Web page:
In my first installment on psychrometrics, I covered the basics of air, humidity and evaporation. Here I’ll cover temperature, kinetic energy, attractive forces and condensation. If you haven’t already, I strongly suggest you read Part 1 first.
We’re all familiar with the general concept of temperature. Temperature ends up being quite complex if you dig deeper (and deeper we shall dig). Technically, temperature is related to the average energy of motion, known as kinetic energy. To use our illustration from the last blog post, the faster the billiard balls move on the table, the greater the temperature.
When there is enough kinetic energy in water, molecules can escape the attractive forces of a liquid surface. This is evaporation. Attractive forces include intermolecular forces known as “van der Waals interaction” and other concepts that are even too nerdy for the Indoor Air Nerd. Once evaporated, the water molecules bounce around in the air with all the gases. But those attractive forces never go away, always wanting to pull those water molecules back in. Think of the billiard table being slightly tilted toward one pocket.
When the temperature of the air cools down, the speed of the water molecules slows down (remember kinetic energy). The slower a ball is moving on a tilted billiard table, the more likely it will be pulled toward the pocket. When a water molecule doesn’t have enough kinetic energy to overcome the attractive forces, it will be pulled back into the liquid or other nearby molecules in a process called… you guessed it: condensation.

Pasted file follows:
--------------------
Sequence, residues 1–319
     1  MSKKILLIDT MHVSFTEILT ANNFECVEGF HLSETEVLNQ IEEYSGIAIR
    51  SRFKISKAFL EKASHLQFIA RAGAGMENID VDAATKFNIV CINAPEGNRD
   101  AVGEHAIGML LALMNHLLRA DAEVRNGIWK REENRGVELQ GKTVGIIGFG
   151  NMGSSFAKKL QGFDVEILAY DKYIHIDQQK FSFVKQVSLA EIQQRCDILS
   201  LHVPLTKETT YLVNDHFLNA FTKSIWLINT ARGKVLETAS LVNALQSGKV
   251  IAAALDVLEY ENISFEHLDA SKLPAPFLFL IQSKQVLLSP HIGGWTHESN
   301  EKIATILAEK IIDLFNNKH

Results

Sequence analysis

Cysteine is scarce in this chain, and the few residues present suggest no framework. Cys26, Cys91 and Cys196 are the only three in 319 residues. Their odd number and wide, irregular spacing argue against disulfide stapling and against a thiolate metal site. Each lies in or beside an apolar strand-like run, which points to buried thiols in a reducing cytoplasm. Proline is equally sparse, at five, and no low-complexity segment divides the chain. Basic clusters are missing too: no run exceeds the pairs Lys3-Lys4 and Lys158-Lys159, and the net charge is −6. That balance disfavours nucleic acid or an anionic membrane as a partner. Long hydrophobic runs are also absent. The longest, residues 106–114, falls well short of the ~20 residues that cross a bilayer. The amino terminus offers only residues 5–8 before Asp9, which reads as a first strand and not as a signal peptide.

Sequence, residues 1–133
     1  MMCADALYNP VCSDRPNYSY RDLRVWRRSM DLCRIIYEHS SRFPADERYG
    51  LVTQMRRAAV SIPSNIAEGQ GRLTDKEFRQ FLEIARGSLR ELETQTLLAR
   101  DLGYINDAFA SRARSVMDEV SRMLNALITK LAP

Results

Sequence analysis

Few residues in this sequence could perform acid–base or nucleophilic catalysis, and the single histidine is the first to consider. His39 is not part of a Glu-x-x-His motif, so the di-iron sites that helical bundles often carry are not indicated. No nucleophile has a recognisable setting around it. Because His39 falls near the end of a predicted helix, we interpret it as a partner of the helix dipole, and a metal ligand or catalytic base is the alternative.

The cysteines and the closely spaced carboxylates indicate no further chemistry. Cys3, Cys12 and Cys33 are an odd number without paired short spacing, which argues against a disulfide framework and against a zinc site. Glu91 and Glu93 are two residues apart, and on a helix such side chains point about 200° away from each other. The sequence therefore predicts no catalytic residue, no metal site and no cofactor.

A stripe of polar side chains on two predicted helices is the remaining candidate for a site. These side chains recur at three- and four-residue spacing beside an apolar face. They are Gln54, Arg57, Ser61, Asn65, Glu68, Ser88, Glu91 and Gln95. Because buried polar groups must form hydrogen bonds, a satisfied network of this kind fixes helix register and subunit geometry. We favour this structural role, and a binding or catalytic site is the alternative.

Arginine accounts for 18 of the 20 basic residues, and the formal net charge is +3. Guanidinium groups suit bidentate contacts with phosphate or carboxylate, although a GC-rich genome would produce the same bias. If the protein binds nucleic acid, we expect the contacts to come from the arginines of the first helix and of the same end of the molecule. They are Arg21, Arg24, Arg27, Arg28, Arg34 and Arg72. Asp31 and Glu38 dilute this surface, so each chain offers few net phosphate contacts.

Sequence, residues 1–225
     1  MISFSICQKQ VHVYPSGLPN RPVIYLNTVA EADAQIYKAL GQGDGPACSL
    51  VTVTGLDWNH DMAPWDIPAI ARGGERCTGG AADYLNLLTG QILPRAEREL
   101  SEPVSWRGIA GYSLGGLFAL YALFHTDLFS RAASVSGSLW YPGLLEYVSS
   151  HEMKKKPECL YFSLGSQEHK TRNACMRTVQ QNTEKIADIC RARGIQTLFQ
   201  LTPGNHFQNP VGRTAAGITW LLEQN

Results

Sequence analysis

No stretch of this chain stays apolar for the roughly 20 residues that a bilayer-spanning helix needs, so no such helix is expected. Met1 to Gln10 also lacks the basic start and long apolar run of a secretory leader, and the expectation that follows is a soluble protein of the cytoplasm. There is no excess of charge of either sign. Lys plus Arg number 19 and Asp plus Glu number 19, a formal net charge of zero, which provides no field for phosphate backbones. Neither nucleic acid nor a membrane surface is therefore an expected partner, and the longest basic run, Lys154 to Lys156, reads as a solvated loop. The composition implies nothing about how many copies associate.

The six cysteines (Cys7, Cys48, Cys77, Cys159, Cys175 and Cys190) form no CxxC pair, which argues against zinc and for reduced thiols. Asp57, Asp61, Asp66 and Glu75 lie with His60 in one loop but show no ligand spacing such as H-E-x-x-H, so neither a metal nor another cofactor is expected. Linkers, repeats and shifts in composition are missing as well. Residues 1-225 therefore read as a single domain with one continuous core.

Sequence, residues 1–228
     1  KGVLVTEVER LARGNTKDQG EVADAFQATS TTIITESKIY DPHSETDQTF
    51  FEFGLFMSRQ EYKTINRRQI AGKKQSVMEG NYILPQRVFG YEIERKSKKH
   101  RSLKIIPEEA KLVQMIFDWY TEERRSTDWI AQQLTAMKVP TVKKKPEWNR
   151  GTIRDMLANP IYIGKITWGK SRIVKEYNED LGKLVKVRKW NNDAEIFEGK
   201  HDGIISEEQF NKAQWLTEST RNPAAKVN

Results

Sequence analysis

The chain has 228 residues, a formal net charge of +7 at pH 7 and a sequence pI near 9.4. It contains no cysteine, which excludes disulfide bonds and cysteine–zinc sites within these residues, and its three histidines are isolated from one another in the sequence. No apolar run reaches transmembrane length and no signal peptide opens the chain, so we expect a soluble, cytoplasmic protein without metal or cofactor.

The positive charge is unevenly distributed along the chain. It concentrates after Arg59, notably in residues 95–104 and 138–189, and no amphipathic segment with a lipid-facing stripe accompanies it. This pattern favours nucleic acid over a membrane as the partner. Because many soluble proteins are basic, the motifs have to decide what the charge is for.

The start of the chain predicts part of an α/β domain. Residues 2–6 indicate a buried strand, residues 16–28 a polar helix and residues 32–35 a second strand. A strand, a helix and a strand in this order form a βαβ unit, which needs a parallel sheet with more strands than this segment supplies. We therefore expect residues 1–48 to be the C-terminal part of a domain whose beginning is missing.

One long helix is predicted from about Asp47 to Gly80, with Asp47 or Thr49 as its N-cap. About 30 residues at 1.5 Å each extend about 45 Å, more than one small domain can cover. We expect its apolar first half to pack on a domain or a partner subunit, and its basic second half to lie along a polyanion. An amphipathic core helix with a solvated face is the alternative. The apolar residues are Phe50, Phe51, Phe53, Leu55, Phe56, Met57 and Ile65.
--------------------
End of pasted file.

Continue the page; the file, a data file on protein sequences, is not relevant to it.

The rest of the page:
When a molecule condenses, it brings its kinetic energy along and thus warms the liquid. When evaporation occurs, the molecules escape the liquid and therefore have a cooling effect.
Dew point is the term used for the temperature below which condensation will occur. Or using our Indoor Air Nerd terminology, dew point is the amount of kinetic energy which is low enough to be overcome by the attractive forces. The air in my office right now is 72° F, with a dewpoint of 46°. If the air in my office cooled down to below 46° (say, around a soda can), there wouldn’t be enough kinetic energy to keep the water molecules in the air. They would be attracted to each other and condense on the surface.
Eventually, I’ll be pulling all of these concepts together and providing some practical applications for assessing the indoor environment.
In my third installment, I’ll introduce relative humidity (RH). It is one of the most misunderstood concepts in psychrometrics.